Fact Check | New Census data on Kentucky’s changing population
LEXINGTON, Ky. (WKYT) - New Census data gives us a snapshot of Kentucky’s changing population and how it compares to the rest of the nation.
The U.S. Census Bureau released the 2020 Census Demographic Profile and Demographic and Housing Characteristics File. These products provide the next round of data available from the 2020 Census, adding more detail to the population counts and basic demographic and housing statistics previously released for the purposes of congressional apportionment and legislative redistricting.
This release contains more detailed age groups, the first data available on sex from the 2020 Census, information on families and households, and more detail on housing.
Kentucky compared to other states
- While the median age in the United States was 38.8 years old, Kentucky skewed a little older at the median age of 39.1.
- While Kentucky’s population grew 3.8 percent since 2010, it had the 15th smallest population increase. Three states, including neighboring West Virginia and Illinois, had population decreases.
- In 2020, there were just over 1 million children under age 18 in Kentucky which was 23% of the state’s population.
Nationwide, children made up 22.1% of the total population, down 1.4% from 74.2 million in 2010. The biggest decline was among the under-5 age group, whose share of the population dropped by 8.9% or 1.8 million. This finding is consistent with the decline in the total number of births and the birth rate for the United States since 2015.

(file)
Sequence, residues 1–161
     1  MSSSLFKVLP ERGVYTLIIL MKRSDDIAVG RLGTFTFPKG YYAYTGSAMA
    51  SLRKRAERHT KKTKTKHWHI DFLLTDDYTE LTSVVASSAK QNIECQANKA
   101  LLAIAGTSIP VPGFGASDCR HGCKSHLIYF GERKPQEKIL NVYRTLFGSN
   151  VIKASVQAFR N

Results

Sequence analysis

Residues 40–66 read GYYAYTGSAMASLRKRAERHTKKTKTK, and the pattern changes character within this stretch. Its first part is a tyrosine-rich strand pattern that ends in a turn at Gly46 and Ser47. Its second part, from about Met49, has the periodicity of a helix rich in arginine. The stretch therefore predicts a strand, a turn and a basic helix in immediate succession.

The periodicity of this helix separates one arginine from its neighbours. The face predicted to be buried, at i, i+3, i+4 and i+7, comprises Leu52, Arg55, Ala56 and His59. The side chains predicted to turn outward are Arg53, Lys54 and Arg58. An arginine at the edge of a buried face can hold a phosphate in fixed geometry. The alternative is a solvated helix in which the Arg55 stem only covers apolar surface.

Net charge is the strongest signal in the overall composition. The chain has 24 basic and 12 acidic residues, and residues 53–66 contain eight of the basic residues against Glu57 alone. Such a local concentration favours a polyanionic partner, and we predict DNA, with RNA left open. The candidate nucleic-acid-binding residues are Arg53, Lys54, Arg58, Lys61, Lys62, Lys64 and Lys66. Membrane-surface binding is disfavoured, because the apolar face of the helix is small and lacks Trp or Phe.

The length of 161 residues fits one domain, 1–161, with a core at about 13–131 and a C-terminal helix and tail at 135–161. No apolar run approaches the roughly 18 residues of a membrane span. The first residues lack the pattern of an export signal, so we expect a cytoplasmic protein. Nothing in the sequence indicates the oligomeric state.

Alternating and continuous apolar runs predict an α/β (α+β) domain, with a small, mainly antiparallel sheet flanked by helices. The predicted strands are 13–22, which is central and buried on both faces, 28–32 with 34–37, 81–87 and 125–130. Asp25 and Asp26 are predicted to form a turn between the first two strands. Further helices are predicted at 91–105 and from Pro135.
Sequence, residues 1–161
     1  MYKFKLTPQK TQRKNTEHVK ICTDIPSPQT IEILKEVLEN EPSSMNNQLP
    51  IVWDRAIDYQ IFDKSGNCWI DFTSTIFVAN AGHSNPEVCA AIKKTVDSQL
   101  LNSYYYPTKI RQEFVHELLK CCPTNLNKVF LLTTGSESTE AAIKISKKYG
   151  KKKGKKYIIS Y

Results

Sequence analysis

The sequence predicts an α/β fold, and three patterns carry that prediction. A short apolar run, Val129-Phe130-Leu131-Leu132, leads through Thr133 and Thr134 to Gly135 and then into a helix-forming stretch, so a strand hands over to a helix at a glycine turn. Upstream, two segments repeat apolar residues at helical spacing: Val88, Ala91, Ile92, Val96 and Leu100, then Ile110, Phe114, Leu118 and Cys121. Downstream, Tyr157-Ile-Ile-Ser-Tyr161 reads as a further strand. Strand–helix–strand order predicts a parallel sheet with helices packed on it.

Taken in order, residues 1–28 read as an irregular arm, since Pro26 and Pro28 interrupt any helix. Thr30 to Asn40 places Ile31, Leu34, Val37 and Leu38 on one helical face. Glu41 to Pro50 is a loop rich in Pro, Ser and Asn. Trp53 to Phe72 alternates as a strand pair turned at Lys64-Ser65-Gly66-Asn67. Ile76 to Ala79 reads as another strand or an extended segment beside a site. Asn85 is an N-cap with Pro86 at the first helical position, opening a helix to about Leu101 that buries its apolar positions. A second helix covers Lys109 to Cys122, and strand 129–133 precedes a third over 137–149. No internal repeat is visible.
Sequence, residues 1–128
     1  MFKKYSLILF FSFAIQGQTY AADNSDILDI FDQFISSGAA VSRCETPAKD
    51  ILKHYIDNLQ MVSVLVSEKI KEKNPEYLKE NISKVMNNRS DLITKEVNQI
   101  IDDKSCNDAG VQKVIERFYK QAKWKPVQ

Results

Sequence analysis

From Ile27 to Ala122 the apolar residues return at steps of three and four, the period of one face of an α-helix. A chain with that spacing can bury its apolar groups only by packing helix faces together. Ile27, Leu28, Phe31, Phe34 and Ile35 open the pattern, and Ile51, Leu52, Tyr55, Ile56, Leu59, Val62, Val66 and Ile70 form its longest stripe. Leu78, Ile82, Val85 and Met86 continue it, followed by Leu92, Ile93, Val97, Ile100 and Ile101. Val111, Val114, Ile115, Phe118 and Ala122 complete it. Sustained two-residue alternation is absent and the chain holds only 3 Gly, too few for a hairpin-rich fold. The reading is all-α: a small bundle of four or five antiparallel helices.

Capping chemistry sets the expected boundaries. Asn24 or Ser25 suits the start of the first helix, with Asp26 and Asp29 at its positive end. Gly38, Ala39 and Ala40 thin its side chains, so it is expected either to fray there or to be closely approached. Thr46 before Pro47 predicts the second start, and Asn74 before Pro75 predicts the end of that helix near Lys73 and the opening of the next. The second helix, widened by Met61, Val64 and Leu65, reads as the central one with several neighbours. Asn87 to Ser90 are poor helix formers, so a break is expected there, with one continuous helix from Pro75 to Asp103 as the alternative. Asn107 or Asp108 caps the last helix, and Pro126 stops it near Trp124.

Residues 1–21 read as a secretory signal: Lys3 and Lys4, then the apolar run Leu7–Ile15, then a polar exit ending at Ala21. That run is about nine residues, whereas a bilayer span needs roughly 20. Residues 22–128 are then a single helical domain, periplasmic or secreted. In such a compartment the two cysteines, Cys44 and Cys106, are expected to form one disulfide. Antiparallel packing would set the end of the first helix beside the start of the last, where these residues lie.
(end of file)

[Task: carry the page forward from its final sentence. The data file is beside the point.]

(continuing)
- With 17 percent of Kentuckians being 65 or older, the state ranked near the middle for its share of older residents. Maine, Florida, Vermont, West Virginia, and Montana had the greatest older populations while Colorado, Georgia, Texas, Alaska, and Utah had the lowest.
The share of the population age 65 and over nationwide more than doubled between 1940 and 2020, from less than 7% to nearly 17%.
Comparing Kentucky counties
When taking a deeper look at data for Kentucky’s 120 counties, we get a look at the differences in populations.
- With 56.9% of its population being under the age of 35 years old, Christian County is home to Fort Campbell and the state’s largest young population. Next on the list are Rowan (52.6%), Warren (51.7%), Fayette (49.7%), and Madison (49.3%) counties which are each home to major universities.
- Counties with the largest share of older populations – those 65 and over – all fall outside the state’s urbanized areas. Hickman County’s 25.2% of older residents topped the list. Rounding out the top 10 were Lyon, Cumberland, Trigg, Livingston, Marshall, Robertson, Caldwell, Owsley, and Carlisle counties.
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